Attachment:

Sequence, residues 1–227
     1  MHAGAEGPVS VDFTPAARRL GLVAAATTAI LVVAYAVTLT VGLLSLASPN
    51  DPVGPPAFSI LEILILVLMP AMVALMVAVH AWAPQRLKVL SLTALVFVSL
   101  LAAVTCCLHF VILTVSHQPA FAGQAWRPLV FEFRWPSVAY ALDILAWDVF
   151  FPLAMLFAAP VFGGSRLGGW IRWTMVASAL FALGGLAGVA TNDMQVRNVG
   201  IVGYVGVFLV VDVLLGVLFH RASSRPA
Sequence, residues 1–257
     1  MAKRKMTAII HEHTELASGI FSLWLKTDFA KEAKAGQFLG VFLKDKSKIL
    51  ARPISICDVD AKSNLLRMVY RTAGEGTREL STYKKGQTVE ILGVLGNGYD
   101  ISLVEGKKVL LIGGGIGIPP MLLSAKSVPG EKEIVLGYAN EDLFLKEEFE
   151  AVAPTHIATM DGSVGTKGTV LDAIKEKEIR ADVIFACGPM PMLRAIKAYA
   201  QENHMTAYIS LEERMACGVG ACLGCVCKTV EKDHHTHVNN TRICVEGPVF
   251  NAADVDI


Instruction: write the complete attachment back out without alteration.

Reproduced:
Sequence, residues 1–227
     1  MHAGAEGPVS VDFTPAARRL GLVAAATTAI LVVAYAVTLT VGLLSLASPN
    51  DPVGPPAFSI LEILILVLMP AMVALMVAVH AWAPQRLKVL SLTALVFVSL
   101  LAAVTCCLHF VILTVSHQPA FAGQAWRPLV FEFRWPSVAY ALDILAWDVF
   151  FPLAMLFAAP VFGGSRLGGW IRWTMVASAL FALGGLAGVA TNDMQVRNVG
   201  IVGYVGVFLV VDVLLGVLFH RASSRPA
Sequence, residues 1–257
     1  MAKRKMTAII HEHTELASGI FSLWLKTDFA KEAKAGQFLG VFLKDKSKIL
    51  ARPISICDVD AKSNLLRMVY RTAGEGTREL STYKKGQTVE ILGVLGNGYD
   101  ISLVEGKKVL LIGGGIGIPP MLLSAKSVPG EKEIVLGYAN EDLFLKEEFE
   151  AVAPTHIATM DGSVGTKGTV LDAIKEKEIR ADVIFACGPM PMLRAIKAYA
   201  QENHMTAYIS LEERMACGVG ACLGCVCKTV EKDHHTHVNN TRICVEGPVF
   251  NAADVDI